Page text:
Seven years after leaving political office and becoming a lobbyist, former Erie County Executive Joel Giambra is trying his luck at a completely different effort he hopes will help his hometown: He’s building houses.
Giambra has acquired 18 vacant lots during the past two years, mostly from the city foreclosure auction, and all in the Lower West Side neighborhood where he grew up. Now he’s planning to build new homes on the lots, located on several streets near the Peace Bridge and D’Youville College.
The houses will be a mixture of single- and multi-family homes, all designed in the same Victorian style that dominates that area of the city, he said. They are aimed at young professionals, artists and others who want to live near downtown Buffalo in newly built homes, or who can’t afford the nearby Elmwood Village or the Delaware District.
“This is the first time I’ve done new construction,” said Giambra, who will act as general contractor. “I think it’s pretty cool. The neighbors are excited. I’m excited. Hopefully, buyers will be excited.”
The former politician also wants to rebrand the community as the Olmsted Park/Connecticut Village, to capitalize on the centrality of Connecticut Street, which ends at the Frederick Law Olmsted-designed Front Park. “I think the Olmsted theme is very attractive to a lot of people,” he said.
Citing the presence of D’Youville, the flurry of redevelopment activity such as the Horsefeathers Market and Residences project on Connecticut and the opening of new businesses, he said the area’s revival looks real. Most of the homes near the lots are well-maintained and “in decent shape,” he said.
“I am firmly convinced it’s on the upswing,” he said. “If you look at property values over the last three to four years in that area, it’s encouraging interest. It’s young professionals and the creative class. That’s the market that we’re going after.”
That’s great news for neighbors like Jordan McCann, 28, who lives in a four-unit house next to one of Giambra’s vacant lots on Plymouth.
“I wouldn’t have a problem as long as you have the right people in there to take care of it,” said McCann, who has lived there for seven years.
The housing adventure is new for Giambra, who grew up “in the projects” on Lakeview Avenue and spent 25 years in the public sector. He teamed up with former Sen. Alfonse D’Amato as a partner and managing director in Park Strategies LLC, a lobbying firm, which is still his full-time job. “This is a hobby,” he said, adding, “but it may turn into a full-time job.”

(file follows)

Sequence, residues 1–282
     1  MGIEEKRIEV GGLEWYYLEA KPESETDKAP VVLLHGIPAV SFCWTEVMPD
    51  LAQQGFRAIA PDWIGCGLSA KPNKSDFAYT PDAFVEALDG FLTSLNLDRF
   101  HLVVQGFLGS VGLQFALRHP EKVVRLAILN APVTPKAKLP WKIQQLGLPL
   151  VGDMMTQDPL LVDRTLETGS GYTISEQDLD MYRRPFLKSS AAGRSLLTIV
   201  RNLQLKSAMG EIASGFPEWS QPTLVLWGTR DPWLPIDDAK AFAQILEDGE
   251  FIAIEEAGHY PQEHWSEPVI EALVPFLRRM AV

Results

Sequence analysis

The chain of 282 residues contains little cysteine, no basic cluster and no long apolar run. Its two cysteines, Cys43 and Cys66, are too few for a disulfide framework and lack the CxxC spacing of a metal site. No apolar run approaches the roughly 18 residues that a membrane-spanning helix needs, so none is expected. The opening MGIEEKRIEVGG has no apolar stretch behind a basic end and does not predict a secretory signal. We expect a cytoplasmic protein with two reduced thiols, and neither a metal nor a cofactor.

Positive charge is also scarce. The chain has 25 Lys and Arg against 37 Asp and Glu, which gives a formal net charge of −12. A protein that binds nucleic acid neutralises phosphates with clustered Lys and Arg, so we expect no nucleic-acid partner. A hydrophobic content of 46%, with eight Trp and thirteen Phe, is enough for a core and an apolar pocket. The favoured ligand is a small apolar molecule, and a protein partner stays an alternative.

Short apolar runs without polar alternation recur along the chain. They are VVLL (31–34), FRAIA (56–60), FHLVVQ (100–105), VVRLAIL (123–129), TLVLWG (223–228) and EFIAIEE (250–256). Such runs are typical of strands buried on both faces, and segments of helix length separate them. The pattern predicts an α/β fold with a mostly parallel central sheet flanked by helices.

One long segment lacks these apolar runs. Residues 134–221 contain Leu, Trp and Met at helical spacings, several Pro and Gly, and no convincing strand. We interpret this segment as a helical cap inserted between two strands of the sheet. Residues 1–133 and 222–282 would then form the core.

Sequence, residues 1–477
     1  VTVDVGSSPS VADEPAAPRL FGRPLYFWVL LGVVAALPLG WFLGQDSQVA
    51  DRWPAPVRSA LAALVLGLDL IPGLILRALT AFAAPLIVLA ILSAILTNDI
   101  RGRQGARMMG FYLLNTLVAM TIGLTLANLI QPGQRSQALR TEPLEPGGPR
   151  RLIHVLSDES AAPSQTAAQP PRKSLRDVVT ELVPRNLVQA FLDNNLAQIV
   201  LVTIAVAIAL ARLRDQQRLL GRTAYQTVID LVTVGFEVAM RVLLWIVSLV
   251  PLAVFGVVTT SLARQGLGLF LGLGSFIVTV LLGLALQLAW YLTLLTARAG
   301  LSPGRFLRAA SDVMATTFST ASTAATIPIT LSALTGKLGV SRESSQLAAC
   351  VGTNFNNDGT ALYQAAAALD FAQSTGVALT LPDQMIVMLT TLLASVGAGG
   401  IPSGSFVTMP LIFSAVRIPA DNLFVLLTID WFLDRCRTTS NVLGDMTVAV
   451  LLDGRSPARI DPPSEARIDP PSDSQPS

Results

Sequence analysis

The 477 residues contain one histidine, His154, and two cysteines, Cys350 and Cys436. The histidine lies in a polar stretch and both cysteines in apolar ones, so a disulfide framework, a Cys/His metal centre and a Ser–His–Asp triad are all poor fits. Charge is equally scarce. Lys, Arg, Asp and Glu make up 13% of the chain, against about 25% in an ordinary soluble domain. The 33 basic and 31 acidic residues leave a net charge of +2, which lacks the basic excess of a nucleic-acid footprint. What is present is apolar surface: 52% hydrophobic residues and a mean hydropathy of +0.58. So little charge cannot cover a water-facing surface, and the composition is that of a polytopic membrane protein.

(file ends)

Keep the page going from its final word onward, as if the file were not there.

After rehabbing his own home and three others for family members, he decided to “try my hand with flipping.” He bought two foreclosed houses on 14th Street from the city and a bank, gutted them – in one case, he needed five dumpsters to empty it out before he touched any new drywall – and fixed them up before reselling them for $188,000 and $145,000, respectively.
“We went forward, and it turned out to be a very, very nice project,” he said. “It gave me reason to believe there was an opportunity. My confidence was bolstered. There might be a need for some new houses now.”
Giambra has already lined up partners for some of the construction, marketing and financing of the homes, and has all the permits and approvals in place to start construction on the first home – his own – in two weeks. That will also become the model home he will use for future sales, before starting work on any other homes.
He said he’s already garnered support from city leaders, including Mayor Byron W. Brown.
“If this is successful, we can do it citywide. Unfortunately, there are a lot of lots in the city,” Giambra said. “I hope it encourages other people to do the same thing.”
Marketing and sales will be handled by his 26-year-old son, Nicholas Giambra, a real estate agent with Hunt Real Estate Corp., and Stephanie DeMartino. Evans Bank will provide the financing for future buyers. And he’s working to sign a deal with Barden Homes to help with some of the prefabricated construction work to speed up the jobs.
Giambra said he didn’t know yet how much the homes would cost to build but expected they would be sold for $150,000 to $210,000. “That’s what I think the market will bear, but we don’t know yet,” he said. “We’re testing the market here, to see what people’s appetite is for new houses and what are the price points. We haven’t built a lot of market-rate houses to test it out yet.”